Austrian Pinscher – Fun Pet for Experienced Dog Owners

The Austrian Pinscher is one of the endangered dog breeds, only a few breeders are still trying to save this very original dog. Cute medium-sized furry friends are real all-rounders and a real find for active people who like to be outdoors often. Take a closer look at these smart and alert dogs – maybe the Austrian Pinscher is right for you!

Austrian Pinscher: 4000 Years of Vigilance

It is difficult to know how long the ancestors of the Austrian Pinscher were with humans: there are indications that the ancestors of today’s Pinscher accompanied the farmers of Lower Austria in their daily lives over 4,000 years ago. They were not specially bred but were selected in the first place, taking into account their working characteristics and character. The breed of dog that has grown out of this is very original in body structure, compact, medium in size strong in coat, and faithful in dealing with its people. Their duties on the home farm included hunting rats and mice, as well as guarding the farm and livestock. In the past few centuries, thrifty farm dogs were crossed with other breeds until a stable population formed in the early 20th century.

The few breeders still active today strive to keep this simple, sweet, and loyal companion.

Nature of the Austrian Pinscher

As a companion dog and farmer, the Austrian Pinscher had to be frugal, weather tolerant, and loyal. It was customary to keep the dog in a barn or yard so that it could do its most important job: guarding. He is considered to be extremely vigilant and almost incorruptible. Every visitor, whether friend or foe, is announced loudly.

Its legendary incorruptibility is mostly due to the fact that as an adult dog of this breed there is little she can do with strangers. Only his family is important, but friends and acquaintances are no longer part of the main pack. As much as he loves his people, he makes it clear to the visitors that he would like them to leave again. He will be noisy but not usually aggressive if you have properly socialized and trained him.

He shows such behavior not only in relation to people but also in relation to unfamiliar dogs. Adult animals are often considered incompatible and not suitable for visiting a dog park. Given this behavior, it becomes clear why the breed is still recommended for people with a large garden or, even better, a secluded yard. The Austrian Pinscher is considered to be inactive and has no pronounced hunting instincts, except for mice and rats. On the other hand, the faithful Pinscher behaves very gently with his family. If he has enough physical and mental activity, he will seem to you at home as a quiet, likable roommate. Even with small children in the house, the Austrian Pinscher gets along without any problems if the basic upbringing is correct and he knows his place in the family.

Upbringing & Attitude

Smart Austrians are extremely obedient and smart. You learn quickly and steadily—not just the desired behavior, unfortunately. Her job as a farm dog was to act independently and make decisions. If your announcement is not made, your dog is still ready to take the lead today. Therefore, when training, it is important to convey to the dog from the very beginning with the help of a calm sequence that you know what you are doing. The more confident you are in communicating with your Austrian Pinscher – calm, uninhibited, and self-confident – the better he will pick up and bring your announcements to life.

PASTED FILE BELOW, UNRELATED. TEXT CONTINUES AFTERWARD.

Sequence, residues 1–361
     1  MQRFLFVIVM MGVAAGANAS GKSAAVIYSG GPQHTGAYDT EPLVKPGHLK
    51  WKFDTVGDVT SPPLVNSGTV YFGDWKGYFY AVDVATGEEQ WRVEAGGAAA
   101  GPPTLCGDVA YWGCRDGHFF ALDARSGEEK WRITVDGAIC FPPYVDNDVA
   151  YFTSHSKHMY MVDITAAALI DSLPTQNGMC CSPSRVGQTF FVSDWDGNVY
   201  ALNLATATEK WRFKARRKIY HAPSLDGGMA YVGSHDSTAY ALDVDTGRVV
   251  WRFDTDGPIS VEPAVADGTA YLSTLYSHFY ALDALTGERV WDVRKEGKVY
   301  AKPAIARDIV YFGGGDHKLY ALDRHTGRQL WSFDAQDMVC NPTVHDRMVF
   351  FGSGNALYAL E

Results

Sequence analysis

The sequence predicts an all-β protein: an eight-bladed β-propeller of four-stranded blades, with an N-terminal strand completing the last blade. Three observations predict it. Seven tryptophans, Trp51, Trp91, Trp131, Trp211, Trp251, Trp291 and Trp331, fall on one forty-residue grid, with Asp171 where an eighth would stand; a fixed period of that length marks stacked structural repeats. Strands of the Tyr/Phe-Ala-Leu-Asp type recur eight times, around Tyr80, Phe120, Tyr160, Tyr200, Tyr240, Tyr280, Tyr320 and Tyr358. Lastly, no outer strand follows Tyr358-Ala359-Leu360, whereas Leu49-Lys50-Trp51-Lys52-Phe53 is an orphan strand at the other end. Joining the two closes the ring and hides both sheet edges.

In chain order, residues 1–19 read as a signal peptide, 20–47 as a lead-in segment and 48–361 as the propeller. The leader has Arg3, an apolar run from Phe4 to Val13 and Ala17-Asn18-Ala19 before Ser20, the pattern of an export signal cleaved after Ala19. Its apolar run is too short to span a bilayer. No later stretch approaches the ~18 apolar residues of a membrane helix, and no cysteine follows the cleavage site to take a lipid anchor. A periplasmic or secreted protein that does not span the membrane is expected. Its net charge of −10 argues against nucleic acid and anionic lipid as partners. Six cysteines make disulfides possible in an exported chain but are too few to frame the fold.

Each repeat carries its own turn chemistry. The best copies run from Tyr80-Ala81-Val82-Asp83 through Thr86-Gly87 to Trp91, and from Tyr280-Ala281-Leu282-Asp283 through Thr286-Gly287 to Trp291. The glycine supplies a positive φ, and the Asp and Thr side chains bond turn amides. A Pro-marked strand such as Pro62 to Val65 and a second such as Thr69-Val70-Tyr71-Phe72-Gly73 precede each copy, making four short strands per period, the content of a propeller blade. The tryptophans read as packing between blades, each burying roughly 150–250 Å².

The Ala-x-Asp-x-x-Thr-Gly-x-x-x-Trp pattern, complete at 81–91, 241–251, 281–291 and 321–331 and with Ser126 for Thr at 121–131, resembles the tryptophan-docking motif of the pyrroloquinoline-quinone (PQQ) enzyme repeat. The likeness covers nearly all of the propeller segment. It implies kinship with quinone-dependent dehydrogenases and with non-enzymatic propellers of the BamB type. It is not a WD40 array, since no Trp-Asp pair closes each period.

The optimal workload for these dogs is active guarding combined with plenty of exercises. Long walks, cycling, or horseback riding – if you keep the Austrian Pinscher in motion, you help him relax during rest periods. Favorable activity without constant contact with other people’s dogs. From an early age, you should teach your Compact Pinscher to turn towards you for dog contact. So from the very beginning, reward every glance from the other dog to you.

Being alone with the Austrian Pinscher turns out to be easy if he is allowed to do his job and guard the house at this time. Access to a well-fenced yard, or at least a floor-to-ceiling window from where it can see as much as possible, suits an inquisitive and alert Pinscher.

Austrian Pinscher Care

The coat of the Austrian Pinscher can be of different colors and textures: from short to hard to medium length, all variants are allowed. The topcoat should be thick and smooth, the undercoat short and fluffy. Thus, the pinscher is well protected from cold and rain. Maintenance is simple: comb the coat regularly and thoroughly at least once a week. Also check eyes, ears, and nails for possible injuries.

Characteristics & Health

Endowed with a certain “farming savvy”, Austrian Pinschers best care for inexperienced hands. Country life – away from other dogs, busy streets, and crowds of passers-by – is the best form of housing for this dog breed. They are not in particularly good hands in a small city apartment with few opportunities for exercise. Here you need a lot of time to train this dog regularly according to the species.

The originality of the breed ensures the good health of animals, with a life expectancy of up to 15 years, medium-sized dogs prove an excellent physique. They usually remain active, and naturally, alert into old age.

Mary Allen

Written by Mary Allen

Hello, I'm Mary! I've cared for many pet species including dogs, cats, guinea pigs, fish, and bearded dragons. I also have ten pets of my own currently. I've written many topics in this space including how-tos, informational articles, care guides, breed guides, and more.

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